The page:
On Tuesday night, the bearded, bandana-wearing, camo-clad cast of A&E’s runaway hit show “Duck Dynasty” walked onto the set of “Jimmy Kimmel Live!” and sat across from the host. After some calculated back-and-forth about the Robertson family’s newfound fame, Kimmel asked the question audiences were waiting to hear.

Days earlier, Morrissey, who was slated to appear on Tuesday night’s show, threatened to cancel unless the “Duck Dynasty” cast’s interview was changed to another night. Kimmel producers refused, and a different band replaced Morrissey.

“As far as my reputation is concerned,” Morrissey said in a statement, “I can’t take the risk of being on a show alongside people who, in effect, amount to animal serial killers.”

Kimmel asked the Robertson family patriarchs what they thought of the sudden public cancellation.

“When somebody told me about this,” said the famously loopy Uncle Si, “I was like, ‘Oh, you mean the lead singer of The Doors?’ They said, ‘No, you idiot!’”

“We don’t hold it against him at all,” Phil said.

The other men agreed and, in so many words, said they don’t give a flip about food politics.

The Robertson men, whose cartoonish and backwoods lifestyle is A&E’s bread and butter, were perfectly gracious about Morrissey’s diva antics. Morrissey’s behavior isn’t surprising — his back-and-forth with the Staples Center regarding his request for the venue to be meat-free has served as a free publicity platform for his 2013 tour.

I hate to speak on behalf of vegetarians, but does anyone actually consider Morrissey an animal rights icon?

Does anyone find this behavior noble or reactionary?

No? Me neither.

Although Morrissey’s attitude was one of a child throwing a tantrum, the Robertsons’ reaction was surprisingly poised.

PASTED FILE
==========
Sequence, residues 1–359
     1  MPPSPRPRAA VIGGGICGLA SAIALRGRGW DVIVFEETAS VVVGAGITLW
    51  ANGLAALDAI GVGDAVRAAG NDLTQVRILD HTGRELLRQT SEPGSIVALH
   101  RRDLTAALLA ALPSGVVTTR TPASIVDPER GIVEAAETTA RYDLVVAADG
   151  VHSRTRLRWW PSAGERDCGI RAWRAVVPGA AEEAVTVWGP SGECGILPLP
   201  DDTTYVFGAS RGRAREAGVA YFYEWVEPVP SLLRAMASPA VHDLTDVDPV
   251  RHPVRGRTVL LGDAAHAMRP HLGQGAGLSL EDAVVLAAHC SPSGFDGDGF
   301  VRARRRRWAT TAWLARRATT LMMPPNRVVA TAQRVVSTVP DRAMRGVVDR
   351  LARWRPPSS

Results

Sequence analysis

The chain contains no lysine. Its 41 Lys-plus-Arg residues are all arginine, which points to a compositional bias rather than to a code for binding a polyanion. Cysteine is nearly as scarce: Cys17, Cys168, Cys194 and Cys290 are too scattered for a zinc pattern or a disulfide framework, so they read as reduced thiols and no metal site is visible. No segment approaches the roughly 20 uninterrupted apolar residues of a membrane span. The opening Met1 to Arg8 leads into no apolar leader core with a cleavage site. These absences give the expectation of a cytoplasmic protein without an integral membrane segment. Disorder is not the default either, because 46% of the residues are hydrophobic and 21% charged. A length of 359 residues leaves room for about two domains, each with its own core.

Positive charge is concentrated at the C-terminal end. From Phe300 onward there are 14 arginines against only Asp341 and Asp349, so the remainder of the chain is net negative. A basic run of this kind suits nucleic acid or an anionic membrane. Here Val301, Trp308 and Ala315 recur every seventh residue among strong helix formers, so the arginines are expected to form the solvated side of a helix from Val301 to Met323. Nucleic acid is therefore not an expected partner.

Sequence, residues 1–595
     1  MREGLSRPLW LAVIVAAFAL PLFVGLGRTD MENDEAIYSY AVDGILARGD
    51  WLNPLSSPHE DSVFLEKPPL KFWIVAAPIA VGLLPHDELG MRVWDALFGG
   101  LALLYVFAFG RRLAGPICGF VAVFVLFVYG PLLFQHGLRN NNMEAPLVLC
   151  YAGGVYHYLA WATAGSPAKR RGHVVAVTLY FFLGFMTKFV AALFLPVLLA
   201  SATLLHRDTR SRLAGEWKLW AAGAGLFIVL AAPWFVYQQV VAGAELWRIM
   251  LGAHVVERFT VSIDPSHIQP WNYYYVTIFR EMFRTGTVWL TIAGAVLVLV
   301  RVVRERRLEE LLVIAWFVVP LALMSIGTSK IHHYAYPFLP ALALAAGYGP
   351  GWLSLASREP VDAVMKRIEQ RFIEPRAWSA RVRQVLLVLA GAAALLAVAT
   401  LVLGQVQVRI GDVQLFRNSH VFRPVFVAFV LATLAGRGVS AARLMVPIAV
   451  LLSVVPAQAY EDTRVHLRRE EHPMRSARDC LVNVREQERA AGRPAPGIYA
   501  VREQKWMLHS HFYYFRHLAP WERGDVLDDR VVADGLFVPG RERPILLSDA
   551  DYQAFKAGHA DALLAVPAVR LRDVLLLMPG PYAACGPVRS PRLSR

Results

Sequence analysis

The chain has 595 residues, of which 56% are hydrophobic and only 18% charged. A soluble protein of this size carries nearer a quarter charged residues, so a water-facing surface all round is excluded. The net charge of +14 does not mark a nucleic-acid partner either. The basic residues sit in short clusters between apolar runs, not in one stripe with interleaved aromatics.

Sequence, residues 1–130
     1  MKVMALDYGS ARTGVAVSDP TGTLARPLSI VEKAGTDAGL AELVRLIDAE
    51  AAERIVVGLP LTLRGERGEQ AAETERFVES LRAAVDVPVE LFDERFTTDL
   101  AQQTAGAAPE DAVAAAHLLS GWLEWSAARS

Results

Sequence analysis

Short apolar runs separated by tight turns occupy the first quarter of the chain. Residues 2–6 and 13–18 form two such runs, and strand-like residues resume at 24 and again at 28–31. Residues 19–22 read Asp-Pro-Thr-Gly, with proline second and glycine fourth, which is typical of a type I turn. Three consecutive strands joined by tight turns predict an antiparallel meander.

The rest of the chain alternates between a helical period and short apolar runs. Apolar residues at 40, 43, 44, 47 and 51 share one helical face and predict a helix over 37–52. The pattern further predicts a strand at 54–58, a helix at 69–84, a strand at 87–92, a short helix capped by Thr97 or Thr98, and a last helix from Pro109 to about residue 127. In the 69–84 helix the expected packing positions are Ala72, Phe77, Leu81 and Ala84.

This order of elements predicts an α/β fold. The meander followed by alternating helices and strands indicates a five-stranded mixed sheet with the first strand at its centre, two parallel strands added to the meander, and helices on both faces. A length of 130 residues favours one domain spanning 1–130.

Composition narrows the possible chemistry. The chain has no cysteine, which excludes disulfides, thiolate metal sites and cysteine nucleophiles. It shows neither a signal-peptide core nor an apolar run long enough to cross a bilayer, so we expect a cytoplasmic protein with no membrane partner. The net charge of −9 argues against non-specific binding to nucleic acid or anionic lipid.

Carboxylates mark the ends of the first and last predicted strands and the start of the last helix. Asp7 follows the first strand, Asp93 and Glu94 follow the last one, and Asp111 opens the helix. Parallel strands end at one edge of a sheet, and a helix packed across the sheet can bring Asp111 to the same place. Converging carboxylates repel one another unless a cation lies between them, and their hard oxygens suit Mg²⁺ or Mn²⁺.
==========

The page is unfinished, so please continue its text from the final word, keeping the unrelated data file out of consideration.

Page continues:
Furthermore, Morrissey’s holier-than-thou response seems to be less of an animal-rights battle and more of an attention-seeking low blow.

To call Morrissey’s “statement” animal rights activism would be grossly exaggerating what it actually was: a press move and a petty pride issue.

“Duck Dynasty,” while admittedly hilarious and honest, is also hokey in a “Here Comes Honey Boo Boo” way. Although “Duck Dynasty” may not be quite as polarizing as “Honey Boo Boo,” its image is one of self-professed “rednecks” living off the land in backwoods Louisiana.

The patriarch of the group and founder of the duck-call-making company, Phil, makes fun of his sons for converting to “yuppism.” Although the family is quite wealthy — Willie Robertson’s net worth is upward of $10 million, according to www.therichest.org — it maintains an unwashed, uncouth, uncultured look for the sake of entertainment.

Is Morrissey really losing sleep at night because one family in Louisiana produces duck calls and hunts wild turkey?

Is he really eager to provide his concertgoers with a meat-free venue? Probably not. After all, the intentions of anyone with such an active involvement with PETA, a total farce of an organization, are questionable.

In 2012, PETA euthanized about 94 percent of cats and about 82 percent of dogs taken into its headquarters in Virginia, according to a Huffington Post article.

They run ad campaigns with similar sexual objectification strategies as www.GoDaddy.com and Carl’s Jr., placing female celebrities in submissive positions, like the controversial photo of Pamela Anderson posing in a bikini with parts of her body labeled “breasts,” “rump” and “round.”

Morrissey is not taking a stand against animal abuse.

He’s not doing anything to prevent hunting or meat consumption. Rather, he handed publicity to the Robertsons and is only causing the Staples Center to be meat-free for one night. He is nothing but a PETA pawn.

Chloe Finch is a journalism sophomore at UF. Her column usually runs on Thursdays. You can contact her via [email protected].